On Monday, US web infrastructure and security company Cloudflare bowed to increasing pressure and announced it was cutting ties with forum website 8chan.
That pressure followed the latest mass shootings in the US — this time in El Paso, Texas and Dayton, Ohio — and suggestions the suspected perpetrator of the El Paso attack may have been inspired by 8chan and posted on the forum shortly beforehand.
Founded in 2009, Cloudflare is designed to protect websites from the kind of cyber security attacks that could disrupt them enough to knock them — and their content — off the web.
Previously, it has stayed conspicuously neutral on the issue of the kinds of sites it supports, with the exception of white supremicist site Daily Stormer, which it cut off from its services in 2017.
In a statement on Monday, Cloudflare founder and chief Matthew Prince stressed its position is primarily that of network provider.
“In pursuit of our goal of helping build a better internet, we’ve considered it important to provide our security services broadly to make sure as many users as possible are secure, and thereby making cyber attacks less attractive — regardless of the content of those websites,” Prince said.
However, he described 8chan as “uniquely lawless”.
“That lawlessness has contributed to multiple horrific tragedies. Enough is enough.”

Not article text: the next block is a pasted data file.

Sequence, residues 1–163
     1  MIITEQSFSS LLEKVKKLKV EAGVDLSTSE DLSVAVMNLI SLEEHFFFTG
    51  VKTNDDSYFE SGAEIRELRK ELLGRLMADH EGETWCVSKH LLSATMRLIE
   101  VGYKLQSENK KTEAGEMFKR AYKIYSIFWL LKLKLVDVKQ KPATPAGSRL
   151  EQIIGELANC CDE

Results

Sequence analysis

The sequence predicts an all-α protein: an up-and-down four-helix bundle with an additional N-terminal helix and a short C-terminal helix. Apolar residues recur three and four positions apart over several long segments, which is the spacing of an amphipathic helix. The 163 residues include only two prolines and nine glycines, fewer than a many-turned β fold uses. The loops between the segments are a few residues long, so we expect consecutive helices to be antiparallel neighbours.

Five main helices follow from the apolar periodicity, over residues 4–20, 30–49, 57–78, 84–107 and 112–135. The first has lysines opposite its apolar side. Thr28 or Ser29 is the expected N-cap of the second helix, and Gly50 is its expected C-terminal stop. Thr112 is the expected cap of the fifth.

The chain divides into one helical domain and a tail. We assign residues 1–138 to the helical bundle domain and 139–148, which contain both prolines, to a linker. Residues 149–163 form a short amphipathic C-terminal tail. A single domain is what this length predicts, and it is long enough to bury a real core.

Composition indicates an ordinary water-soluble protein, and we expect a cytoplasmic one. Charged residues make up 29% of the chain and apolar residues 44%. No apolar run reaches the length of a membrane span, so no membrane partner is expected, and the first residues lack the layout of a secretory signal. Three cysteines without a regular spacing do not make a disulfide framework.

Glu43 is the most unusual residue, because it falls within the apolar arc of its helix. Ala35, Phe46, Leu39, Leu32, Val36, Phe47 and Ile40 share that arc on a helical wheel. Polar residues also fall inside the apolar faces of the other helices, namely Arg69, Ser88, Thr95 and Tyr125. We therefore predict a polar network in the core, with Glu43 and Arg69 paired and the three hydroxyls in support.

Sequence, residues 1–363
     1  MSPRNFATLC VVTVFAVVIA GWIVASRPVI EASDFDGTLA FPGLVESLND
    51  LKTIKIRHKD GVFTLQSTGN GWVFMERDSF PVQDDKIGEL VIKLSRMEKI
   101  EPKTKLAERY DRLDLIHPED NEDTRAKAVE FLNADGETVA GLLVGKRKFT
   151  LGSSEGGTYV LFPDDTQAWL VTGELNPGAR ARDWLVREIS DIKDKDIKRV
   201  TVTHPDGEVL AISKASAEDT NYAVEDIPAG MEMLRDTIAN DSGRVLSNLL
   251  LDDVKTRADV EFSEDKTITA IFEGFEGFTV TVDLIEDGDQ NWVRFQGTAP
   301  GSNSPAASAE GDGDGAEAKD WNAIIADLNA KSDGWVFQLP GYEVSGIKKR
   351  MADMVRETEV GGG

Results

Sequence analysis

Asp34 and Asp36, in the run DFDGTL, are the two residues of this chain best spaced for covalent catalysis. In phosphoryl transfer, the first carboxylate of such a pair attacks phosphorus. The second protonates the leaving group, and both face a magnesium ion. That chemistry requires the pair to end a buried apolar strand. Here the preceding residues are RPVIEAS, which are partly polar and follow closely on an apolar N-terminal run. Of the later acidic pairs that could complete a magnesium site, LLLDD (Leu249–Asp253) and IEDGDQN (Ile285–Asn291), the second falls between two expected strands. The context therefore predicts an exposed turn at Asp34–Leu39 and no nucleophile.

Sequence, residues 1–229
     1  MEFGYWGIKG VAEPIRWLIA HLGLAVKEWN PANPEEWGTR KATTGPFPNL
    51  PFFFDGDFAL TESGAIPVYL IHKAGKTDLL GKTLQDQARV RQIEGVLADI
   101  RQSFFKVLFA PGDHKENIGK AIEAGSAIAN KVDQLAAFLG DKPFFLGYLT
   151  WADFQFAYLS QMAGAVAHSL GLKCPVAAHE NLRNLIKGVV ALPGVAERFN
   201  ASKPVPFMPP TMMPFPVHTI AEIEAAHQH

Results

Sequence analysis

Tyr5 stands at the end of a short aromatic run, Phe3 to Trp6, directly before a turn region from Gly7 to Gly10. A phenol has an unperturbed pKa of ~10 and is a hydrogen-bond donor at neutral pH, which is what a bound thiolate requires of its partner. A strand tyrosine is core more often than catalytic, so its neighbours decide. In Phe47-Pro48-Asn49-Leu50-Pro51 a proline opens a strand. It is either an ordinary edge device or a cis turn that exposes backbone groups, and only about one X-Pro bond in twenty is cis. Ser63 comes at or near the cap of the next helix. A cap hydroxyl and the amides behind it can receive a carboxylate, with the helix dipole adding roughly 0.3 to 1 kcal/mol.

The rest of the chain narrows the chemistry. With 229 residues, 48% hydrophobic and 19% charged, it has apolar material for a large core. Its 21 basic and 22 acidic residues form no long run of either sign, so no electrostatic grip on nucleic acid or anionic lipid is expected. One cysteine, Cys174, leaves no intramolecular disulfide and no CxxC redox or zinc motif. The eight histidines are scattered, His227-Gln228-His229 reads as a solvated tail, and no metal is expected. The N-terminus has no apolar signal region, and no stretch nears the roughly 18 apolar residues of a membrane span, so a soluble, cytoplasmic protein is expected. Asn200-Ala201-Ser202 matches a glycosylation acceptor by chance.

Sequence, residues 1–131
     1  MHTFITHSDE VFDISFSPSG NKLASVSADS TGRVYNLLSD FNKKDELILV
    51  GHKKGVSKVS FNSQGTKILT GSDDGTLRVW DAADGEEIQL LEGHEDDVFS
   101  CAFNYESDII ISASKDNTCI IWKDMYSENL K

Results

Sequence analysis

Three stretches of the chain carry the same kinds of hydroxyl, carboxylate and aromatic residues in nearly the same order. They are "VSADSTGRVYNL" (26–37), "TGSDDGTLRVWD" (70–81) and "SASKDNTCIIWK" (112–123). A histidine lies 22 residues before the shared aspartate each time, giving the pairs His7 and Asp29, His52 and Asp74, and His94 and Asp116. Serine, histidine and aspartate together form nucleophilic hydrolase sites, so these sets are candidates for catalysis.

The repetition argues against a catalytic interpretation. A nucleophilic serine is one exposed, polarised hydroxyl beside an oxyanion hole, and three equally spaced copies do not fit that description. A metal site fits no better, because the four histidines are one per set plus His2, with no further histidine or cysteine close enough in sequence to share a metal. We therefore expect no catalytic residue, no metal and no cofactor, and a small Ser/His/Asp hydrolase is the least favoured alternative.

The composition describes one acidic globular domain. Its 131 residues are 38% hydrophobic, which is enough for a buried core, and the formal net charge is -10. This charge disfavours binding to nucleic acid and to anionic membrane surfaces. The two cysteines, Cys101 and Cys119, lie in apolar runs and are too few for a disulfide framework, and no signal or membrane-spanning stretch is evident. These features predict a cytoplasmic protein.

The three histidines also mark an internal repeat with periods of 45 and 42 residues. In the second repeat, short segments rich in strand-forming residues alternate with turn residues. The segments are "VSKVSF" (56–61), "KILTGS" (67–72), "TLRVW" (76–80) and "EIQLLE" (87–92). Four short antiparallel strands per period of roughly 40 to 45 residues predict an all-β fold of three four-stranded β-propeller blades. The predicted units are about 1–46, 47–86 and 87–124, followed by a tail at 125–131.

From Prince’s full statement, it’s clear this was not an easy decision for the founder to make, and not one he was wholly comfortable with.
But, for any tech provider offering services to external parties, whether, at some point, there is going to be a question of who it’s going to do business with, and at what cost.
Entrepreneur or content arbiter?
Speaking to StartupSmart, founder of Aussie VC firm Jelix Ventures Andrea Gardiner says she is “completely in agreement” with Prince’s decision, and his lengthy statement about it.
“It’s a pretty tough gig of a founder to play the role of a content arbiter,” she says.
“There’s no political legitimacy for them to make those determinations of what is acceptable or not, and where to draw the line,” she notes.
“On the other hand … when it comes to the point that it’s really fuelling hate and potentially hate-motivated violence, then there’s a moral imperative not to support it,” she adds.
“I just don’t think founders, and these companies, can turn a blind eye to it.”
Prince’s statement also stresses that Cloudflare is not a political or legal body.
“Questions around content are real societal issues that need politically legitimate solutions,” Prince says.